Newspaper Page Text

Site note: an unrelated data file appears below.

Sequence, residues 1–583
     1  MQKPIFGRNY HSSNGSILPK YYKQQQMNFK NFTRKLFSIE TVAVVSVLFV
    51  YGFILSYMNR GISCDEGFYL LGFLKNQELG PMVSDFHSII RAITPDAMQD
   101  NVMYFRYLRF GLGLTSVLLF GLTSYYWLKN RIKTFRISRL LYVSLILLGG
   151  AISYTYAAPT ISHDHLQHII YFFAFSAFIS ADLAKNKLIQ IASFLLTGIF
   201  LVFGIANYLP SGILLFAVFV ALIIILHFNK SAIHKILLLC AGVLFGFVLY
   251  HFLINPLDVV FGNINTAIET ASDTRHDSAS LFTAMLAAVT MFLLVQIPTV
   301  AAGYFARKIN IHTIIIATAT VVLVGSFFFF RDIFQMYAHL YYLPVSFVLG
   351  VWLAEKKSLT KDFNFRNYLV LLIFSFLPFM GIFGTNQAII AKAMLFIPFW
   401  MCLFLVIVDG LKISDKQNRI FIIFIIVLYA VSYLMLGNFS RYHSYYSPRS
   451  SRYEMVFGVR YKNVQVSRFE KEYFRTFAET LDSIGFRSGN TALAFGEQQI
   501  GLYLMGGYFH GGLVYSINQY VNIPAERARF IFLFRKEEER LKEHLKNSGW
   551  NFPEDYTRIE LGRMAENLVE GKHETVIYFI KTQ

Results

Los Angeles Herald ISSUED EVERY MORNING BY XIIK HERALD CO. THOMAS E. GIBBON President FRANK K. WOLiTC Managing; Editor THOMAS J. FOLDING... Mnnager DAVID G. BAILLIE...*. ...Associate Ktlltur . Entered «■ sseond-class matter at the postofflce in Los Angeles. OLDKSX MORNING PATER IN LOS ANGELES. Founded Oct. t, ISIS, I'hirty-sUth year. Chamber at Commerce building. Phones: Sunset Mala 8000; Horn* 10211. The only Democratic newspaper In South ern California receiving full Associated Press reports. I NEWS SERVICEMember of the Asso ciated Press, receiving Its full report, aver aging; 26,000 words a, day. KATES OP SUBSCRIPTION WITH SUN DAY MAGAZINE: Dally, by mail or earner, a month I .40 Dally, by mall or carrier, three months. I*o 'Dally, by mall or carrier, »lx months.. .1.33 Dally, by mall or carrier, on* year .4.60 Sunday Herald, one year 1-00 Postage free In United States and Mexico; elsewhere postage added. THE HERALD IN SAN FRANCISCO AND OAKLAND—Los Angeles and Southern Cali fornia visitors to San Francisco and Oak land will find The Herald on sale at the news stands In the San Francisco ferry building and on the streets In Oakland by Wheatley and by Amos News Co. A Die of The Los Angeles Hera] I can be «een at the office of our English represen tatives. Messrs. K. and J. Hardy * Co., 10, tl and 32 Fleet street. London, England, free of charge, and that firm will be glad to re ceive news, subscriptions and advertisements on our behalf. ____^_ On all matters pertaining to advertising address Charles R. Gates, advertising man ager _____ Population of Los Angeles 327,685 CLEAR, CRISP AND CLEAN rgM£sfIQiAIILJLLA|I Mf RETRORSIIM JU AT THE THEATERS A iroiTOIUUH —Dark. MASON— nark. IHJRBAJJK —"Men and Women " BKL.ASCO — Genius." MAJESTIC —"The Alaskan." OKl'llEDMVaudeville.' (iKAMI— "Woodland." LOS ANGELES — OLYMPIC—Musical burlesque. I'ISCHKR'S— burlesque. IVAI.KKR—Comedy. I >'I<JI E—Comedy. ' PURE FOOD AN agitation for uniformity of pure food laws seems to be reason able and sensible. There ia an old proverb which says one man's meat is another man's poison, and under present conditions one state's food la another state's refuse. The < ampaigners for a general pure-food law present a strong case. Thoy point out that uniformity between state and national pure-food laws can be secured only if the states enact the federal ■tatutes, in identical terms, without addition, except to give it force within state boundaries. Uniformity of law seems to be as imperative for Bound articles of food as is the necessity for establishing uniformity of standard! for weights, measures, money, etc. Diversity of law with regard to weights, measures, and money would produce chaos throughout the states. The states can best guard the public welfare and can aid the enforcement of the national pure-food law by re enacting it in identical terms, without additions except to give it force within state boundaries, so that the food producers of every state may find their markets freely. To harmonize state and national laws by identical legislation would necessitate some changes, but the compromises would be few and ail van tages would outweigh disadvantage*. Pure food i 3 one of the strongest possible factors in the building of a nation. The quality o£ food has had a great deal to do with the hardihood and the tirelessness of sonic nations and of some Individuals. The United States for years has enjoyed the repu tation of being the best fed country in the world. That there should now be an urgent necessity for a pure-food law is deplorable, but since the n sity has arisen and since unscrupulous dollar coiners would not hesitate to poison the people or undermine the strength of the nation in order to • k< i into the millionaire class," it is Well legislation .should be uniform. "With uniformity there won't be a chance, for artful dodgers to break through weaknesses in the case for the prosecution and dodge out of the reach of punishment. WEATHER A CENTRAL IL.LIONIS newspaper reports the weather there is a little warmer. It is "only 7 de glWM below »ero." We congratulate our fellow citizens tmrk cast on this joyous sign of an early spring:. The good people of Illinois are beginning to get out their summer duds, and the ladlei are airing their parasols. The beautiful, warm sun i.s gleaming on ilv iparklißg snow, the genial Ice is •glittering- to the mellow, gray sky. The beneficent black clouds of winter are lowering pleasantly over the frozen landscape. The streams are all taking I rest, and the poor, tired Bit) are neatly packed to lcP- Imitation polar exploration can be conducted in the back yard. The heed less passer-by, who carelessly exposes his nose, has the same rubbed violently with beautiful snow by a benevolent Samaritan, who yells "Frost bite!" and warms himself by exercising <"' the endangered proboscis. Oh, it's great ■weather in Illinois. Only. 1 below zero! TIMELY WARNING I * Lt, friends and supporters ot good /I government should heed the ■*■* timely warning Issued by Judge Works. Public welfare demand! that no pledges should be made at-> this early day to any candidate at the com ing county and state election. Efforts to obtain pledges would indicate on the part of would-be candidates politi cal anxiety rather than patriotism. It Is of the utmost importance the good government influence should be exer cised In the direction of eliminating from consideration any men who are avowedly or secretly supporters of the' Southern Pacific machine. Good government must be extended j to the county and state, and doubt less will be extended if a campaign marked by broad Americanism is con ducted. Voters should not tie them- ] selves up to the support of any can- I dldate. This is an occasion when the office should seek the man, and es pecially does this apply to offices of the Importance of that which Is in volved In an attempted canvass for candidature which Is now being con ducted. No citizen who wishes to be a can didate would think of violating the i ethics of public offieeholding by trying | to "engineer" a movement for his own selection and election. Moreover, anxiety on the part of any man to become a candidate would naturally .give rise to suspicion he was being aided and abetted, or, in colloquial phrase, "egged on," by some Interest desirous of securing his nomination. As Judge Works says in his letter of warning: "The Good Government organization has an active and un scrupulous enemy to contend with. By a careful selection of candidates and an earnest and fair fight we have stormed and taken the first stronghold of the enemy, the city of Los Angeles. This is only the beginning of the war. The county and the state must be taken and the enemy of good govern ment completely routed before the good work, so well begun, can be given up. "We can win the fight If we hold to gether and use only the weapons of civic and political righteousness. The Good Government organization will have to lead the coming fight. It will < be greatly weakened if the Individual I voters who are in sympathy with It , make the mistake of pledging them- ( selves to support any candidate before , action is taken by that organization." i AVIATION IN SPITE of the endeavors of a zeal ous constabulary to* placo restric tions on the opportunities afforded correspondents who wished to get ac curate information, the aviation meet is receiving greater nnd wider publicity than any great gathering ever has had in the world's history. Aviation is a subject of universal interest. There is not a nation on earth that does not take a keen Interest in it, conscious that its very futura may be dependent upon the Intelligent part It may tike in adapting to Its own use this great new power -which has been added to the powers of mankind—the power of air snilins. The historical Log Angeles meeting is showing mankind that the di ments of the next few years are be yond the range of what we might call "guessability." It is impossible to im agine what may be the international outcome of the conquest of the air. The question which every expert on fortifi cation and ev'-ry export on naval policy throughout the world is secretly asking himself today is: "Will the conquest of the air Impair the efficiency of fortifi cations and make battleahipi obsolete? Will airships bo principal Instruments and agents in warfare, or will they be merely deadly auxiliaries like torpe does and torpedo boats? Is there not enough civilization in the world to bring about an international agreement which will make the won derful new inventions demonstrated With triumphant success In Los Ange les' great aviation week agents of peace and prosperity and of International amity and brotherhood? Y. M. C. A. PRESIDENT LETTS of the Young Men's Christian association in his inaugural address said great things had been accomplished during the past year, and this was "only a beginning." Mr. Letts, a typical citi zen of Los Angeles, a man who exem plifies intelligent enterprise and plans that are successful because they are carefully thought out, believes in and illustrates the Los AngelM way, and has applied it to the Y. M. C. A. Our local association la today the roremnst in the United Status. It is a veritable university in its resources and facilities, and to the university aspect it adds a social feature of in calculable value to young men who are away from home and relatives. The Y. M. C. A. is a young men'a training school, a young men's club, a young men's entertainment society. It deserves the hearty support of all citizens of Greater Los Angeles, and, like Mr. Letts, we believe Its great achievements of the past are only an earnest of what may be expected in the future. For that is "the Los An. geles way." Members of the state board of rail road commissioners do not realize their responsibility to the people. That Is all that's the matter with them —and it is matter enough. Considering one thing with another perhaps It is natural the commissioners should mistake them selves for representatives of the South ern Pacific railroad. They are willfully oblivious of the fact they hold public offices, and conveniently forget public office is a public trust. A Rood govern ment program must Include a state. board of railroad commissioners that will be representative of the Interests o£ the state, and not of a corporation. LOS ANGELES HERALD: SUNDAY MORNING, JANUARY 1(>, 1910. Reactionary Congressman's Peril SO HE VOTED WITH ) t^^i SAY EZRY THAT CANNON AN' \^^\- AINT YOU ' ALDRICH CROWD Lf^— *C CrOlN' TO EH' 15NUMBUT <T/ "-'""m) HELP ££ND THESE. books ,W?&|--\>l^ ME.&ACKFV/K ' ARE /NTERE.ST/N (T\*/'^?k? ANOTHER. UNCHRISTIAN SEVERAL learned judges and other authorities have commented on the increase of divorce cases in California. The number of divorces granted in our state is a subject of rebuke or of jest in other parts of the United States. In this land of sun shine and of orange blossoms it would be fitting if the phraa* "as happy as a California marriage" could pass into the language. WQ think probably the reputation of California is not wholly deserved. Many couples come hero from other states and "get their di vorce." (We believe that is the easy going phrn<>e> They resemble the hopeless invallils who come here from other states nnd "tret their death," giv ing California a wholly undeserved reputation for the percentages of its death rnte. The pulpit and the press should unite in a protest nnd a. campaign against the divorce evil In California. It is shocking thru the courts of this state should (fain national reputation as dl-> vorce mills. It Is unjust to honorable judges that their names should he associated so frequently with divorce cases. We do not wonder that some of the judges have been protesting. We hope they will go on protesting, and even when they grant decrees will exercise their prerogative and lecture the litigants in language without any vagueness or uncertainty of phrase. Jesus was opposed to divorce. He paid there was only one cause for which a wife might be pot away, and be said that any man who married a wife who was put away by her injured husband for this cause was a criminal. Yet there are many such criminals In the United States today, and some of them move in what is called good society. It is time for plain speaking- on the subject of the divorce evil. Jesus said the law of Moses sanctioned divorce for various causes, but that "from the beginning it was not so," and in this regard as in many others Jesus revised the law of Moses, allowed only one cause for divorce and forbade the di vorced person to marry again. The explicit commandment of Jesus forbidding a person divorced for cause to marry again is not cbeyed faith fully. Divorce should be made Impos sible, excepting for the one cause, and the person divorced for that cause should not be allowed under any cir cumstances to marry again. Moreover, if it were not so easy to enter into the marriage contract, the path to the divorce court would not be so well trodden. PHOTOGRAPHIC FAKERS NEW wonders have been added to the world not only by Aviation week but by the marvelous pho- topraghic feats of contemporary newi papers which have presented to their amazed readers alleged pictures re markable for audacity and originality. The limit seemed to have been reached when the Hearst paper printed a "pho tograph" of tv monoplane hovering scarcely three feet over the heads of the multitude in the grand stand, when every face was turned in a direction other than that of the apparition, and no one seemed to be aware of the pres ence of the great machine. This photograph was a superb effort —with scissors and paste pot. The man who put it together executed a triumph of constructive art. But even more re markable was the pictorial achievement of our morning Republican contempo rary In "photographing" at .San Pedro a Curtlss biplane which wag caught by the enterprising artist "in full flight' 1 apparently out over Point Fir iiiin. This photograph created consid erable sensation because no CurtlM ma chine has ever been nearer .San Podro than those that are stored at Domin guez Hold. The artist who created this remarkable photograph made the mis take of pasting an American instead of a French machine In the sky of the stock photograph he used. Otherwise the picture was.a very good—fake; and ai the substitution may have been mode from patriotic motives, perhaps we should deal gently with the erring whu fake not wisely but too weH. Returns from the British elections show the race will be close. The flral reports collected yesterday indicated the Unionists held 41 seats, the Liberals 89, the Laborites 6 and the Nationalists 5. The Unionists gained sixteen seats, the Liberals three and the Laborites one. If there should be a Radical coal ition the opening polling showed the progresslvists will be in the lead, theiv being fifty progressive members to forty-one Tories. Good government in the county and in the ytate will increase the pros perity of California and establish its governmental leadership among the states. It is of great importance that every good citizen should enter with heart and soul into the fight for the ex tension of good government. For the public well-being the work of reform should bo carried on until the initiative and referendum and recall are secured In the municipalities, counties and state of California. Fortification of San Pedro will K've Lns Angeles the most secure as well as the safest harbor on the coast. Pro tected from -wind and wave and from nsiauLt of foreign foe, the harbor of Greater Los Angeles will take care of a world's commerce and will be a fac tor of incalculable value in the devel opment and upbuilding of Southern C..llfornla. Since the fortification of San Pedro harbor is on the governmental pro gram, so that Greater Los Angeles will be Impregnable by sea, the government should extend its operations and make arrangements for a'permanent aviation station here. Citizens would like to feel secure from danger aloft as well as atow. Hollywood will make one of the most desirable residential districts of Greater Los Angeles. The citizens of Hollywood are so thrifty, progressive, enterprising and successful the citizens of Los An geles will be glad to greet them and share with them the advantages of metropolitanism. Police department Investigation will lie begun next week. It it is true Uv police liave arrested citizens without cause and have held them incomimmi- eado it is high time for such a thorough reform of the police system that Amer ican practices may prevail in Greater Los Angeles. Of course the airships of the future will be built for stormy as well as fair weather. The fearless navigators of the air will be out and about in all kinds of climate and all kinds of weather, like the fearless navigators of the ocean. Alameda street storm drain will be one of the biggest storm drain enter prises ever attempted in Los Angeles. The march of improvement is never halted in our enterprising, progressive city. ■ Motor wagons kept the traffic of New York from being tied up by a big snow storm. They defied drifts and gales, and delivered the goods. Great are motor wagons. Says a Christian Endeavor writer: "Christians are Christ's advertkse m< tt< " We presume he means (.'liiist like Christians. There are "flies" on Greater Los An geles, and we are proud of them. Public Letter Box TO CORRESPONDENTS—Letters Intended for publication must be accompanied by ibo name ami i»ii(UT*M of the writer. I lie ijrraitj given the widest liitil■:■'•■ to correspondents, bat assumes no responsibility for their views. THINKS PLEAS ON BEHALF OF CRIMINALS OFTEN MAWKISH LOS ANGELES, Jan 14.— [Editor Herald]: Reading Jlrs. Hester T. Grif fith's letter in this morning's Herald, and having in mind Judge Works' re cent attack on conditions in the county jail, together with various communica tions that have appeared in the Letter Box from time to time, and the de nunciatory literature put out by tho Prison Reform league, it lihk occurred to me that the other side of the ques tion needs an airing in your columns. It is an open question, to my mind at least, whether there is not a good deal oC mawkishncss in this outcry against the police, wardens and ;UI who have to do with controlling the dan gerous elements in society. 1 fjnd encouragement for this point of view, which doubtless will be un popular, in "The Outlook" of January 1, wherein the police policy of Mayer Gaynor is discussed editorially. The writer admits that the New York po li. i' have been guilty from time to time of violating fundamental princi- pies, but he adds: "Wo do most strong ly deny that the way by which the principles can best be put into prac tice is by cultivating sentimental sym pathy with the accused, by allowing indiscriminate assemblage, and by creating public distrust and suspicion of the police The sentimentalist sees the individual before him, but he does not see society; he is concerned for the comfort of the visible pris oner, while he forgets the security of the invisible but equally real mass of men and women and children If sympathy is to be exhibited at all it should be on behalf of society. The peril to society today In American cit ies is not from a too strong govern ment; it is from a government not strong enough to cope with the criminal and anarchic forces which exist In every great city on the continent." This point of view is surely worthy of consideration, and the more so, I think, when I read in the same num ber of The Outlook an article by a well known liberal New York lawyer in defense of Judge Gaynor's strictures on the police, which ends with the ad mission that the chiefs and commis sioners of the police force all declare that "it Is Impossible to stamp out vice and to detect and punish crime by following the ancient machinery of the criminal law and l>y observing the limitations vv'hlch it prescribes for the protection of the rights of the inno cent." The opinions of these men, whose daily experience brings them into prac tical contact with the actual facts in the case, would seem entitled to weight. HENRY 1". MERTON, RECENT ELECTION SHOULD ENCOURAGE TRUE CITIZEN LOS ANGELES, Jan, 14.— [Editor Herald]: It la with such great delight that 1 have read your editorial in this morning's Herald entitled "Good Gov» eminent" I am prompted to add my voice In hearty approval of the senti ment it contains. You say "The same combination of determination, fearless ness and patriotism that gave Good Government to Los Angeles can extend it." The members of the Democratic party and of the Republican party who believe in the defense of the rights of the people from the aggressions of privilege form an American party. This is the keynote to the solution of the critical situation confronting this mighty republic of ours. We have wise and* profound statesmen, laboring for years in vain to solve the trouble, but always within party lines, while the Interests (which, by the way, are graphically illustrated In your cartoon of this, date) smiling, stand by prepared to gobble up the victor. Now, how simple the solution seems by the people in combination with fear less and determined patriotism so grandly illustrated bjfc our recent mu nicipal election! If actuated and moved by the same sentiments and determination to have good government in this county and state, that election has fully demon strated the power of the people to get it. ■ .Should that consummation. result in wiping out the lines of bitter partisan ship and'erect in its stead an American party, by and of the people, each mem ber of which, marching In elbow touch The Spread of Vaccination Frederic J. Haskin ssjESsallE use of vaccination in the CKrTjR prevention of typhoid fever a serves again to remind the ntlon of typhoid tever serves again to remind th« M V>"M\ world of the great debt It SlJ®3 owes to William Jenner, who laafrggtU learned the great secret from a milkmaid 110 years ago, He first proved the correctness of his theory by inoculating little James Phlpps, ii!.' first human being who was ever vaccinated, and then exposing him to patients in a smallpox hospital. The overer took other means to thor oughly test the treatment before .he recommended it to the world. While there are those who Mill doubt the efficacy of vaccination, its value is really as well attested as any- I thing can be proved short of a multi plication table. The experience of the Philadelphia municipal hospital, but one instance of thousands, might be cited. Although 9000 eases were treated there during a term of years, not a single physician, nurse or attendant i who had been properly vaccinated con tracted the disease. Of 8500 cases treated during one outbreak, not a single case was of a person who had been vaccinated within the recog nized terms of years. During the progress of the epidemic it became necessary to have additional quarters, and a large force of carpenters, was employed. Only two of the workmen had not been vaccinated within a i proper length of time, and only these two contracted the disease. • • • Vaccination for typhoid fever, though based' on something of a different prin ciple, is somewhat like that for small pox. In smallpox the live germs of cowpox, regarded as the animal form of the human disease, arc used. In vaccinating against typhoid the dead germs of typhoid Itself are used. The germs are gathered and then culti vated In bouillon. When they multiply by tho millions they are suddenly stricken dead. The subject to be vac cinated then has a half billion of those dead germs put into his blood. If your house were infested by dead bodies you -can imagine that it would not be very habitable. So it is with the typhoid germs. The dead bodies of their fel lows lying around in such profusion make the human system unattractive for them. Ten days are allowed to lapse after the first dose of half a billion microbe corpses, and then a second dose of a, billion is applied. After that there Is practically no chance for the live microbes to survive because of the toxic condition of the blood that devel ops. But in order to make assurance absolutely certain, some practitioners recommend the third vaccination. After this the typhoid germ is certain ly rendered harmless. • • • Peace hath- her victories, and even armies may help win them. The great value of vaccination In typhoid fever has been proved m,ore through army medical practice than elsewhere. Ger many gives some notable statistics In the treatment of her South African troops. There it was found that of vaccinated troops only fifty per thou sand took typhoid, while ninety-eight per thousand of the unvaccinated ones contracted It. Of deaths there were only 3.29 per thousand among the vac cinated soldiers, against 12.60 among the unvaccinated ones. The same pro portions obtain in the British colonial possessions, and also in the United States army experiments now being made. •" • • Philadelphia is Just now offering to the world some rare statistics on the subject of typhoid fever.'While they do not relate directly to vaccination, they do' throw much light on the sub ject which will be helpful in the study of the recurrence of typhoid in indi viduals, which is one of the points of Interest in the possibilities of im munity from typhoid. In. this report over 68,000 cases were tabulated, cover ing the health office records of the city for eleven and a half years. It shows the remarkable and surprising fact that typhoid is not, after all, a summer disease. It reached Its highest point In the month of . February, during which month there were 9113 cases. Its lowest stage was in July, when there were 2993 cases. March had the sec ond highest record, and January, April and May also show upward of 8000 cases. , September is the highest month of the heated term, with 6055 cases. The fatalities amounted to a little less than one patient out of nine. The various states of the Union are doing all they can to foster a senti ment in favor of vaccination against smallpox, but no state has put its case in more striking form than Illinois. Through its board of health it has is sued a pamphlet entitled "This Man Was Not Vaccinated." On the front page Is his picture in health, and ho is a fine looking specimen of robust man- . Beneath his picture is the ridded with his neighbor in support of Rood government In nation as well as state, who shall shed a tear for the "depart ed," or sigh for the flesh pots the grafters have so long enjoyed, save the scattered crew of the shattered ma chine? J- D- BETHUNE. The State Press VULGAR AGITATOR Now. what has brought about thi> conflict in the United States congress? Simply this: a vulgar man, the repre sentative of certain powerful Interest* (such as, for example,, the Southern Pacific Railway company in this state) which expect favorable legislation, whether right or wrong, who happens to be in a position of power, and who because of fhat power has ingratiated himselt with other officials of power— this man, Joseph Cannon, is at the bottom of this whole trouble.—San Jose Mercury, Golden Hog "San Francisco," remarks the Chron icle of that city, "made a fair in 1893 out of the leftovers from Chicago, and San Diecjo should be able to make a good one from the bequests of Sun Francsico." Which is only another way of saying that San Diego is wel come to the trough after the golden hog has emptied it of its contents. How truly generous and confederate. — San Diego Union. —4>- New Market President Diaz of Mexico will lift the tariff duty on oil imported into that country when the article is used as locomotive fuel, making a new market for California oil on the west coast of Mexico of about 5000 barrels a day.— San Luis Obispo Tribune. Very Likely Will the discovery of the north pole Just prior to the opening of school ne cessitate the purchasing of now geog raphies?—Tulare Advance. Express Trust The most arrogant and burdensome trust in the United States in the trust of the express companies.— Chloo ltec- legend, "He Did Not Believe in It." The pictures following show his prog ress from the day he contracted the disease until it reached its most serious stage. Nothing can be Imagined that could have a deeper effect on the mind of a child. • • • There is another picture which re veals a trio of children, two <><' whom were vaccinated and the other not. Two of the little bodies are free from all trace of the disease,, while the third is dreadfully disfigured from it. The les son la strongly pointed out to children in this way. In addition to its striking and impressive illustrations, the little book has much text on the subject, all written in such a simple, direct way that it is bound to exercise a deep in ■ fluence on the mind of the child who ! reads It. The pnmphlet refers to the fact that I smallpox was once so prevalent that it was a common saying that men could not escape love nor smallpox, and that owing to the ravages of this terrible disease beautiful women were once so scarce that they were curiosities. it states that even the Father of his Country did not escape it, his face I bearing the- well known pits which mark those who have been, its victims. It traces the decreasing ratio of cases ■ wherever public sentiment has made it compulsory for all people to be vaccin ated, and recommends that the right of suffrage and other privileges of citi zenship depend upon vaccination. On the whole, it is one of the most effect ive pieces of public health literature ever issued, and should serve as a model lor all communities interested In the subject. • • ■ The culture of vaccine virus is one of the most interesting things that science is doing for mankind. The most of that which Americans use comes from an original source ■of cow-pox which oc curred In Beaugeney, Germany, In 1871. Some is used which comes from a case in Catassett, Mass., in 1881. It is made at laboratories under government in spection. The posterior half of a healthy calf's belly is shaved and scari fied in parallel lines,* and then inocu lated with virus. After the vesicles ripen the virus is taken from them under the most sanitary conditions, anil is then mixed with glycerine and al lowed to ripen from four to six weeks, Every detail of the work must be done with the utmost care to prevent con tagion, v Those who argue that vaccination is as dangerous as smallpox Itself will de rive small comfort from figures in the hands of the public health and marine hospital service, that splendid govern mental agency for the preservation of the national health. These figures show that of 2,275,000 eases observed in Ger many there were only thirty-live deaths from vaccination. In another authenti cated series of observations there was but one death in 65,000 vaccinations. In a series of 40,000 cases In Canada there was not a single death reported. • • * The danger from vaccination Is in no wise comparable to the Illness from smallpox. The history of the eighteenth century shows how terrible and wide spread were the ravages of this fearful plague. It was called the Attlla of diseases, the very scourge of God, over running countries and destroying whole populations. Six hundred million peo ple died from it in the century whose end marked the discovery of vaccina tion. More than 90 per cent of the wholo population had smallpox during their lives. It caught the king In his palace and the peasant in his hover; the rich man was attacked as readily as the pauper, and the cultured were no more immune than the ignorant. Most contagious of diseases, and sec ond only to leprosy in its loathsome ness, it is little wonder that parliament gave Jenner grants amounting to more than a quarter million dollars, that NapeJleon liberated prisoners of war on his request, and that Thomas Jefferson wrote him that so long as man lived upon the earth, with disease for his portion, the name of Jenner must ever be fresh in the human mind. The world cannot forget this benefactor of millions living and generations unborn. • • ■ Yet the suggestion for the great dis covery came from a humble milkmaid. In the presence of Jenner she. declared that she could not take smallpox be cause she had suffered from eovvpox. Truly out of the mouth of ignorance proceeded great wisdom. v Once planted in the mind of .Tenner, the idea grew until it developed into the most wide spread practice of preventive medicine the world has known. With -the advent of vaccination for typhoid we are led to hope that other diseases may yet be rended against In the same way,' and with sanitation guarding the gates of health, man's complete declaration of independence against contagion may be written before the second century of .Tenner's discovery has passed. m Far and Wide Price of Leather Sometimes we are permitted to get a little inside information concerning the ■hoe trade. For instance, people not fa miliar with the shoe and leather trade arc apt to think that a cent or two in the price of leather does not make such a difference. But a rise of I cent in the pXo of sole leather adds $2,000,000-to the sole leather bills of shoe manu facturers, and a rise of I cent a foot in the price of upper leather adds more an bVOOO to the bills of the shoe manufacturer for upper leather.-New buryport News. Foolish The rjeocle of this country want the Cuban republic to tie as peaceful, as orderly ami as lirmly established as tlw government of the Uniterd States. Any Cuban who believes that there exists in the United States any public senti ment in favor of the annexation or Cuba must be a victim of his own fears and suspicions.—Boston Adver tiser. Ethics of Peary "Whatever the merits of the Peary and Cook claims in the north, there is no question that Peary has acted »n doubt ful fashion In disposing of the full re ports of his latest trip for newspaper publication in a restricted manner, while drawing full pay of $4500 a year from the federal government.—Boston Advertiser. Limit of Credulity The president believes that the Payne -iriff Is the best tariff ever enacted; which recalls the old story of the man who approached Sydney Smith with the remark: "Mr. Robinson, I believe "Sir," was the reply, "If you believe that you will believe anything. —Provi dence Journal. -4r Russian Mendacity Russian ethnologist concludes that "the hlffhtest type of humanity in the now World existed in northwestern America." No consolation In till* for New England.-Cleveland Plain Dealer.